Research Article

Adverse reactions to frusemide in hospital inpatients.

Br Med J 1979; 2 doi: (Published 11 August 1979) Cite this as: Br Med J 1979;2:360

This article has a correction. Please see:

  1. J Lowe,
  2. J Gray,
  3. D A Henry,
  4. D H Lawson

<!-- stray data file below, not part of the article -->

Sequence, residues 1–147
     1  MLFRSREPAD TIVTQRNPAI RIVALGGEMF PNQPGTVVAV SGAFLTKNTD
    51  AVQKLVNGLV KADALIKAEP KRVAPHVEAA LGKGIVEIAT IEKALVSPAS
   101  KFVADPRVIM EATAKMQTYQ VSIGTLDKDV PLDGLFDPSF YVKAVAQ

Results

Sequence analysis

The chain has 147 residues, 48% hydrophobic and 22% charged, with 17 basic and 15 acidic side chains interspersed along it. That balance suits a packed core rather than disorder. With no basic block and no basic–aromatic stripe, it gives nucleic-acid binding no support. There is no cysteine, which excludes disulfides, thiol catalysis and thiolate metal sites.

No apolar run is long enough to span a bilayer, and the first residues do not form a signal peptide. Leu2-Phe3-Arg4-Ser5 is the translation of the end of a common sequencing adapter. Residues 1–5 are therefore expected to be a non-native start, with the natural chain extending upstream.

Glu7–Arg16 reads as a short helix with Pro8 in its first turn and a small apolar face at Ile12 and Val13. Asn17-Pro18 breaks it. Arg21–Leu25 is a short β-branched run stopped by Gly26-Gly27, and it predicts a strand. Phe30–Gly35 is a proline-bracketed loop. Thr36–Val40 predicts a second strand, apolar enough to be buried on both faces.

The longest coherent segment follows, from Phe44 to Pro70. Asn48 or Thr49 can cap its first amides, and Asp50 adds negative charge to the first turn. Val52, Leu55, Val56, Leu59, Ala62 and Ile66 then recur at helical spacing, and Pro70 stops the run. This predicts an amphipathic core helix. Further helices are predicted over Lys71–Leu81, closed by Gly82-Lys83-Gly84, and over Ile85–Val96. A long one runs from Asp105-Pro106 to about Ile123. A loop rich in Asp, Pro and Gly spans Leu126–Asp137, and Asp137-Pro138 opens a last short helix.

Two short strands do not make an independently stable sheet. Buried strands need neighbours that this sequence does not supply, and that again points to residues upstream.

Out of 2580 medical inpatients included in a drug-surveillance programme, 585 (22.7%) were treated with frusemide. Of these, 123 (21.0%) had a total of 177 adverse reactions. The most common were hypovolaemia (85 cases), hyperuricaemia (54), and hypokalaemia (21). Most reactions were mild, and only three patients had potentially life-threatening effects. The incidence of adverse reactions increased significantly with daily dose, occurring in 47 patients (13.5%) given up to 40 mg, 42 (26.3%) given up to 80 mg, and 34 (43.6%) given over 80 mg (P less than 0.001). There was no clear association between side effects and a raised blood urea concentration on admission, confirming that treatment with frusemide is not more hazardous in patients with renal failure. Frusemide is a safe and highly effective diuretic. Nevertheless, in view of the potential seriousness of volume depletion, dosage should probably begin at 20 rather than 40 mg daily.